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Helieh S. Oz, Theresa Chen, Willem J.S. de Villiers, Craig J. McClain
Med Sci Monit 2005; 11(3): BR69-73
Background: We evaluated whether modulation of metallothionein (MT, and subsequent oxidative stress) would infl uence the development and progression of colitis.
Material/Methods: MT-transgenic (MT-TG), MT-knockout (MT-KO), and wild-type (WT) mice were treated with Dextran Sodium Sulfate (DSS) to induce colitis compared to controls (no DSS).
Results: The DSS treated MT-TG and MT-KO mice responded in a manner similar to that of DSS treated WT mice, with all groups developing severe colitis. The colonic MT content in DSS treated animals increased drastically when compared to controls. The colonic and blood levels of the antioxidant, glutathione (GSH), were signifi cantly reduced in DSS treated MT-TG and MT-KO mice. However,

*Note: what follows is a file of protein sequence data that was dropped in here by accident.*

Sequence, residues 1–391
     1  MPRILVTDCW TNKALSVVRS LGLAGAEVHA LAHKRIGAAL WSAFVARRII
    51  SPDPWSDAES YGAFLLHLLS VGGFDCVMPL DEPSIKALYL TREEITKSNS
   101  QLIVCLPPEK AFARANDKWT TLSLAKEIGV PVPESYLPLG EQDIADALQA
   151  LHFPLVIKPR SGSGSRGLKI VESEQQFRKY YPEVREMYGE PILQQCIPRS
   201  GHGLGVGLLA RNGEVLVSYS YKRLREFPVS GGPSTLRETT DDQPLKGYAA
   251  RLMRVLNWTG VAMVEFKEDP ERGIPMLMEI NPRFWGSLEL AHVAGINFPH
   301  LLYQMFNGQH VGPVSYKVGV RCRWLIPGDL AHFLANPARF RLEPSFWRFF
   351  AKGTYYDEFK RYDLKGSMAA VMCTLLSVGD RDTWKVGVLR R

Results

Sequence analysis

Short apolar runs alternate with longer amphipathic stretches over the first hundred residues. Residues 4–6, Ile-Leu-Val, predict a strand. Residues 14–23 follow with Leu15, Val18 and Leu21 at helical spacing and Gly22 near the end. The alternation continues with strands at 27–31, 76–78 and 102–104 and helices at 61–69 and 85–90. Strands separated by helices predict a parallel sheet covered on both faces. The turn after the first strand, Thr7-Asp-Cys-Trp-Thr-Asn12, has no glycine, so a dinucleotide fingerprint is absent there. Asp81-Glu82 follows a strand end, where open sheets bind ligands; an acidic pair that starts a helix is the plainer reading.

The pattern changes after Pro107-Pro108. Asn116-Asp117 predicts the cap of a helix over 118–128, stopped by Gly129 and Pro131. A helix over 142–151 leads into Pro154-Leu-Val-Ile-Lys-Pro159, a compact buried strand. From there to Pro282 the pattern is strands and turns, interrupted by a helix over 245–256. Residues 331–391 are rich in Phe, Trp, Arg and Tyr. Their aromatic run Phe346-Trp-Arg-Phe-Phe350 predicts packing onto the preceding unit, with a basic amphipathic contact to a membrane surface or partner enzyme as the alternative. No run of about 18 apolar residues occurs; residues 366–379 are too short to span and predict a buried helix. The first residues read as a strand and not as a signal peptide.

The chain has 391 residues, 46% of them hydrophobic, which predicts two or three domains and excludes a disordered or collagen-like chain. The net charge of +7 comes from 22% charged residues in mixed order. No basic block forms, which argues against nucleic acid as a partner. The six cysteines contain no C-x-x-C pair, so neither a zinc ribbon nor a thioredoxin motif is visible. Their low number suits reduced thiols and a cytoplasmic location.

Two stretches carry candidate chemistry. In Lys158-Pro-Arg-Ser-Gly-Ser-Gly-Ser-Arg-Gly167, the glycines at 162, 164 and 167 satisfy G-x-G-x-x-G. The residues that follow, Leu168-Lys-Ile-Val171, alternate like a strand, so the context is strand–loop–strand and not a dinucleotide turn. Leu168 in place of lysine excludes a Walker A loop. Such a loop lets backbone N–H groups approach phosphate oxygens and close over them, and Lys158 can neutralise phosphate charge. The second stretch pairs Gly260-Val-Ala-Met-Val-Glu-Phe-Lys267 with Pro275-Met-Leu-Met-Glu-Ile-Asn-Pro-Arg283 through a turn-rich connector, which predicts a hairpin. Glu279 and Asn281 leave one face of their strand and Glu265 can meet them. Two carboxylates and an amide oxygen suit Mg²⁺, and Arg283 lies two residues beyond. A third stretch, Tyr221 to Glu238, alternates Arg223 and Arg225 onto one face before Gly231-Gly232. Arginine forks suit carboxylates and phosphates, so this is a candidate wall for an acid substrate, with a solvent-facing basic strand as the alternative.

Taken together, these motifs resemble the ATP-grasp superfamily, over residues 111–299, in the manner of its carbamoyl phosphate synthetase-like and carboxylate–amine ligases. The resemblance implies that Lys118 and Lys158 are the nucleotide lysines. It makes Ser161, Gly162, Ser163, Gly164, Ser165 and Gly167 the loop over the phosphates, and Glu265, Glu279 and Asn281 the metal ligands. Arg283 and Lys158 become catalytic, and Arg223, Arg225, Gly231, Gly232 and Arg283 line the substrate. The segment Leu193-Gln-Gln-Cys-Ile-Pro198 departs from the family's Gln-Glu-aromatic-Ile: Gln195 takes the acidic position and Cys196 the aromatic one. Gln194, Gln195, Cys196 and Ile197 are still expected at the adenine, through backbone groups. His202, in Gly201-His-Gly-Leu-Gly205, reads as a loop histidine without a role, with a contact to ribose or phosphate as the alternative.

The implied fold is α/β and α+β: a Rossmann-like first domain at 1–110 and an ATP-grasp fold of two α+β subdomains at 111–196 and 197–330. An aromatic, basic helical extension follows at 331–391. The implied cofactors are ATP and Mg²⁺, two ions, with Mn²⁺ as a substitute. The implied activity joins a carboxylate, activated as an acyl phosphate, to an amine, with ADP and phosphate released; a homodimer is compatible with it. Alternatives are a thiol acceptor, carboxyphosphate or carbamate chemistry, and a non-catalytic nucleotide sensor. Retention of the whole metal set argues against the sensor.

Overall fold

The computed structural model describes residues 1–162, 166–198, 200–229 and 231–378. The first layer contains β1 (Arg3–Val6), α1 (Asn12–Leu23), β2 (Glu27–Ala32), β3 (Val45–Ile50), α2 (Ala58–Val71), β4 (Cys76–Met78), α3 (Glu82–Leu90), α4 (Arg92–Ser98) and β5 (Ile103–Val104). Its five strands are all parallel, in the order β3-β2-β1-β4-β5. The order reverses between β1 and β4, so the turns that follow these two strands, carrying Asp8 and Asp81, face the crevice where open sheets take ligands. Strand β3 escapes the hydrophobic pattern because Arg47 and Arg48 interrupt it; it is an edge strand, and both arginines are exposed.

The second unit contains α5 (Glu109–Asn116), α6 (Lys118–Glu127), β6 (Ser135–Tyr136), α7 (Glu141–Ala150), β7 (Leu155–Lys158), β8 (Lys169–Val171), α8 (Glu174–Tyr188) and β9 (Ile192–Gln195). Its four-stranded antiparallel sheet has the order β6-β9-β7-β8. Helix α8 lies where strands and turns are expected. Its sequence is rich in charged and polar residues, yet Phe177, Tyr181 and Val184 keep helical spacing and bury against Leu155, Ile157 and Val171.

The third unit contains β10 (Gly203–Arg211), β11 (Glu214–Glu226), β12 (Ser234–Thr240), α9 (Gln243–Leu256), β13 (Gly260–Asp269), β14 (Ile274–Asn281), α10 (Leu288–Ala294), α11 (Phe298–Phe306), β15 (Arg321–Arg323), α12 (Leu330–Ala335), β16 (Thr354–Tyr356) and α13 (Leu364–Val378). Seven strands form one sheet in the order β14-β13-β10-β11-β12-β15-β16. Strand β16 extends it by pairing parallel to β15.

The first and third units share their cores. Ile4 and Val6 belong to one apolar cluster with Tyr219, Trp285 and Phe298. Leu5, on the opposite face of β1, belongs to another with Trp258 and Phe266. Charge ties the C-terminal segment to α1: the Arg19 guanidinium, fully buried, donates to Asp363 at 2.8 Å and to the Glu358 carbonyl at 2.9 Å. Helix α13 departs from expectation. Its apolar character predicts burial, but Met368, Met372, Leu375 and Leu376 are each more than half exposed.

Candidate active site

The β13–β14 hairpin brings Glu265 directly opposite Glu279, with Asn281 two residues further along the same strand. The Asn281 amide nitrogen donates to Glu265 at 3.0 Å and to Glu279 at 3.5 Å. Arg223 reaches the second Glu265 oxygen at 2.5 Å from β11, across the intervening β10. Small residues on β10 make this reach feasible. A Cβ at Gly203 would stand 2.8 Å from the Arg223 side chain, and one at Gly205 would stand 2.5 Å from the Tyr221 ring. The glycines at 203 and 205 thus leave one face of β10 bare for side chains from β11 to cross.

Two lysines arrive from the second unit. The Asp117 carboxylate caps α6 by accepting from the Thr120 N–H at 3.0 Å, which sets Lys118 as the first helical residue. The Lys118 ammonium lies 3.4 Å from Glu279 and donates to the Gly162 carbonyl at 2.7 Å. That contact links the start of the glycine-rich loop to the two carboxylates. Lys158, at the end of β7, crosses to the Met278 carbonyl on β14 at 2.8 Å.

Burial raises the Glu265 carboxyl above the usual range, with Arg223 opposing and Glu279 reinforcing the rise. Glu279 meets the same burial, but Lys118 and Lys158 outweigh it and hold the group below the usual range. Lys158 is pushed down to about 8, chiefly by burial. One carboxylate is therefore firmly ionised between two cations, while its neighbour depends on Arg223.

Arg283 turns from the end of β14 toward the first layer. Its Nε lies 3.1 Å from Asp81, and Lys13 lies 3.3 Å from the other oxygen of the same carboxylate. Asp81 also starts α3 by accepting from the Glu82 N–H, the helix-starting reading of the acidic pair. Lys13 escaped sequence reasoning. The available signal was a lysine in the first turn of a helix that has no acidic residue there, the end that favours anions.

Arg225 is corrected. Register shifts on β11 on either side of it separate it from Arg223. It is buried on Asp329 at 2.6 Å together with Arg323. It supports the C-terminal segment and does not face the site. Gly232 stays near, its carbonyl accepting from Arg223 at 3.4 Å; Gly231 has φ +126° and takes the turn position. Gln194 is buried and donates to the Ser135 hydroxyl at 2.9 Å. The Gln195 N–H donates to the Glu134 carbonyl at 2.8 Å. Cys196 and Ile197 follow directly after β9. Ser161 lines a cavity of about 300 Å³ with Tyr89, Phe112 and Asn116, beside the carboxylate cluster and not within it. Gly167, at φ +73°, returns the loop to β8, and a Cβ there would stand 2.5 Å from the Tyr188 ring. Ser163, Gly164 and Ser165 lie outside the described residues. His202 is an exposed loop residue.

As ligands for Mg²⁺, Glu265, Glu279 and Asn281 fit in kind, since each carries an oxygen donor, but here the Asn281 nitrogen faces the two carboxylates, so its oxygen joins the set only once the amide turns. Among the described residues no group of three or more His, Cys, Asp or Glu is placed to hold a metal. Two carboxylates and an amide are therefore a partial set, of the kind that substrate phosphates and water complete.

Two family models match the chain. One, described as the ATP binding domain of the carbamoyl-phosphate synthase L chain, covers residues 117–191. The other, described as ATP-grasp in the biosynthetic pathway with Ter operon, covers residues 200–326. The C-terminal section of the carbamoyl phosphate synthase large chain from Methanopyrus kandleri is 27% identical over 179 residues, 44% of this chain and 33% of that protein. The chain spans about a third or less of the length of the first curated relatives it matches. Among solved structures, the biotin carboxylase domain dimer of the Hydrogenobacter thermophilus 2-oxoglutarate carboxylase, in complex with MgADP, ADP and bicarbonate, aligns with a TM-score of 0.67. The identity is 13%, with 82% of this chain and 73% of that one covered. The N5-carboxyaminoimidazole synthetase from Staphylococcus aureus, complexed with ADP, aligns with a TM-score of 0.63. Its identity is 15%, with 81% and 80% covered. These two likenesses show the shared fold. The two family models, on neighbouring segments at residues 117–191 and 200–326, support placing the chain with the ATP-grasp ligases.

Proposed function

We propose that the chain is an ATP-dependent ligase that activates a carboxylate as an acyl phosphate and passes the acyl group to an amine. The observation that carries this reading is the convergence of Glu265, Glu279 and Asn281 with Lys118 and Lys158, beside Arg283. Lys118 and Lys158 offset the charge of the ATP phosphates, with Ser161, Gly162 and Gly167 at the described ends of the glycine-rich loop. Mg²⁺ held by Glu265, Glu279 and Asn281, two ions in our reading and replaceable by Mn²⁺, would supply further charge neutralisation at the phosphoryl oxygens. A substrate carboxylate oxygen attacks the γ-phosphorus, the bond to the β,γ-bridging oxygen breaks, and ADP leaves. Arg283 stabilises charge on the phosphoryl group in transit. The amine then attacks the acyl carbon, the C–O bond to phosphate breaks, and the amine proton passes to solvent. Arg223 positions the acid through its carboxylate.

there was no signifi cant difference in the cysteine levels in these mice. The subcellular level of MT was highest in intestinal crypts loci of MT-TG mice and was not observed in MT-KO mice as well as in
the inflammatory lesions.
Conclusions: We conclude that MT does not appear to infl uence the development or progression of intestinal pathology in the DSS animal model of IBD.